In that regard, Beyond a Steel Sky doesn’t really make the player uncomfortable. At least, not at first. Some of the themes and tones used throughout are certainly unsettling, but there feels like much more safety netting cast around. It is understandable as the original game was very much about laying the foundations of a better world – and there would undoubtedly be adversity to that. Now that ‘better world’ seems to exist, and there’s a living breathing population reaping the benefits, walking alongside you.
For some people, that might take a bit of adjustment, and you may wonder if the halmarks of the original game have been lost. But you’ll soon be swept up in the game’s utterly compelling story and it’s absolutely stunning depiction of a modern day dystopian sci-fi. Because, honestly, Gibbons and the team have done a wonderful job bringing a pixelated adventure game into a living, breathing, interactive 3D world.
This is, unquestionably a BASS game, still with an emphasis on droids and hacking, lengthy monologues, and poking your nose where you don’t belong. Robert Foster hasn’t lost a beat but he will also get the opportunity to interact with some refreshing and interesting characters that could only have come from the brilliant mind of Charles Cecil.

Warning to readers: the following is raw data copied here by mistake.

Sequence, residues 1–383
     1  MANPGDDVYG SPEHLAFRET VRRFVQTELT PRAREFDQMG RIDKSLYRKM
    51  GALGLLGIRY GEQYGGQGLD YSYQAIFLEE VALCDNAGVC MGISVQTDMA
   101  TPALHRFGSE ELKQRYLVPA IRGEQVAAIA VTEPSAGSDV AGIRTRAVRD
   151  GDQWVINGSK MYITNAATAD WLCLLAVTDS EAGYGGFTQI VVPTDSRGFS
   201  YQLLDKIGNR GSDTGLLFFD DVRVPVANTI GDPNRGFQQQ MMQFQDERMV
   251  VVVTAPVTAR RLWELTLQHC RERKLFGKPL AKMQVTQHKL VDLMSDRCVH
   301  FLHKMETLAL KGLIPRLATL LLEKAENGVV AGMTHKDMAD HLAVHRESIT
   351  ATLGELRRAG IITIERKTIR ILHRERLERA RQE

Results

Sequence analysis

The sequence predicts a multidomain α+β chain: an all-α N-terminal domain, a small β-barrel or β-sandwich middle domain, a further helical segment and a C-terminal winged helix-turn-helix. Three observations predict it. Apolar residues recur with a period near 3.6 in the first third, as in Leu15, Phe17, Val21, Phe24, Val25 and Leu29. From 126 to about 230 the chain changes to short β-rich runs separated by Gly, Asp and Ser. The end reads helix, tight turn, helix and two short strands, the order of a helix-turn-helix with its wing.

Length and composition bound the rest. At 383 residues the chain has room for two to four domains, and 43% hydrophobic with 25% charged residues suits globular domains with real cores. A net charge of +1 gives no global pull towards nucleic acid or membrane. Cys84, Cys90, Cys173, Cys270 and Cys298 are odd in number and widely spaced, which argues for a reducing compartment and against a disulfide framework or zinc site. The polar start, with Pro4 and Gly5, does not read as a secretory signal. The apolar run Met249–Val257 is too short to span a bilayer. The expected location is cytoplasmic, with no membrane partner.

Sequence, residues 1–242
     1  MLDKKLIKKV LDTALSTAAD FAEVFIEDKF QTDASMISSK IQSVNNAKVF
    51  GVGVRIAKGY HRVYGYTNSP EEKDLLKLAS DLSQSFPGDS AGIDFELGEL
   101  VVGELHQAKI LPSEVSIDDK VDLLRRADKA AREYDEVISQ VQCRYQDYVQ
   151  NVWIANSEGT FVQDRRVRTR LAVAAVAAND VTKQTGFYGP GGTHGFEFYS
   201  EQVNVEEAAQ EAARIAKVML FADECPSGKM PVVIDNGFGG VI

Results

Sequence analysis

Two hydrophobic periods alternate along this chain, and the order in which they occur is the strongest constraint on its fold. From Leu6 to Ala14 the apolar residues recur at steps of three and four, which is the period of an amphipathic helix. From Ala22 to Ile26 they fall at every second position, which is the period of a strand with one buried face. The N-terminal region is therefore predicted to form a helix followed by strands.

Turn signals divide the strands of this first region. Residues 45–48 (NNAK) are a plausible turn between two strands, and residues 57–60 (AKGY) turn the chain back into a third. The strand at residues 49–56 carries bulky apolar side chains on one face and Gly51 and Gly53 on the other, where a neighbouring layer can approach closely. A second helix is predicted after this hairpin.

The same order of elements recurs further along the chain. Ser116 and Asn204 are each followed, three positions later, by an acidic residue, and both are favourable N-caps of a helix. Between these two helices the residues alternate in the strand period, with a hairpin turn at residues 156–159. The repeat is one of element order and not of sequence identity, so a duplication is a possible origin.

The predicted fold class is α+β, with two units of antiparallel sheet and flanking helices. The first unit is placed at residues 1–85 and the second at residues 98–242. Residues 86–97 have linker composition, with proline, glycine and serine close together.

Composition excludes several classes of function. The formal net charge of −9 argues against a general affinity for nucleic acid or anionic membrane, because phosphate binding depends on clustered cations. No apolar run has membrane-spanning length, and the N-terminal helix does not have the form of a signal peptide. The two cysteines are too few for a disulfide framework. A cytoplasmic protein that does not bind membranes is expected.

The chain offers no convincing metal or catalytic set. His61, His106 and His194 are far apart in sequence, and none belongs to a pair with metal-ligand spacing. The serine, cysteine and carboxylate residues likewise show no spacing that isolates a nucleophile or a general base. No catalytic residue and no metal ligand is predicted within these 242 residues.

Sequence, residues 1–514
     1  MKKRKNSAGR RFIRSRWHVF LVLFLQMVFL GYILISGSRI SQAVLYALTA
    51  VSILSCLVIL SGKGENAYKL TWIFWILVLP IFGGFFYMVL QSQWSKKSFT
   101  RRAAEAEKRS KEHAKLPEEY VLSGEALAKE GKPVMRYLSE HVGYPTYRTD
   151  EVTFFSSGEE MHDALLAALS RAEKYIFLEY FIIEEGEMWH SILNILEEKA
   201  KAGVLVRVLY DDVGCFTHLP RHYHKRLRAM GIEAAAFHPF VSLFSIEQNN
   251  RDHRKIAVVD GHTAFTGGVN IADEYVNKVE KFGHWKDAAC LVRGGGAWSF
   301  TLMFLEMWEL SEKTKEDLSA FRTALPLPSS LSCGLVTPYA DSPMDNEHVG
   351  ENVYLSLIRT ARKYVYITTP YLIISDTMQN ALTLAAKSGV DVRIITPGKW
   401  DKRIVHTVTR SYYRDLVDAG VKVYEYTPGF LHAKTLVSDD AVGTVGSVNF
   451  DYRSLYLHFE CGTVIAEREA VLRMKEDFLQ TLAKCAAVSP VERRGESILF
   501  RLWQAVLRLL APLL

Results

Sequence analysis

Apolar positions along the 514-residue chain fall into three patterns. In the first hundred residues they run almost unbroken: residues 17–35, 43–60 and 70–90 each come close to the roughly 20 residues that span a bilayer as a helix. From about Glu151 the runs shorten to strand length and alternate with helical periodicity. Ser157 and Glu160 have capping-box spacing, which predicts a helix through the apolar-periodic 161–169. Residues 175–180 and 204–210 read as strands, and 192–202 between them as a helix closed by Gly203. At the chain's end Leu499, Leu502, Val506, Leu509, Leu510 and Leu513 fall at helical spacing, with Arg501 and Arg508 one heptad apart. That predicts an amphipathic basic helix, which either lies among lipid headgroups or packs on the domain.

The Cecil/Gibbons collaboration just works and their combined efforts make for one of the most visually impressive, stylish adventure games I’ve ever seen. If you wanted a good example of how to make the genre still feel relevant in 2020, then Beyond a Steel Sky is your template.
There’s multiple ways to solve some puzzles, you learn more about the environment and open up new conversation choices by being persistent in your questioning, and with the game’s unique hacking tool, you can form all sorts of wild and wacky combinations that affect the gameworld in various ways.
One puzzle, for example, tasks you with visiting a museum and creating a sign for one of its patrons through one of the monuments. So you have to check out various exhibits at the museum and find an appropriate emotion to do just that.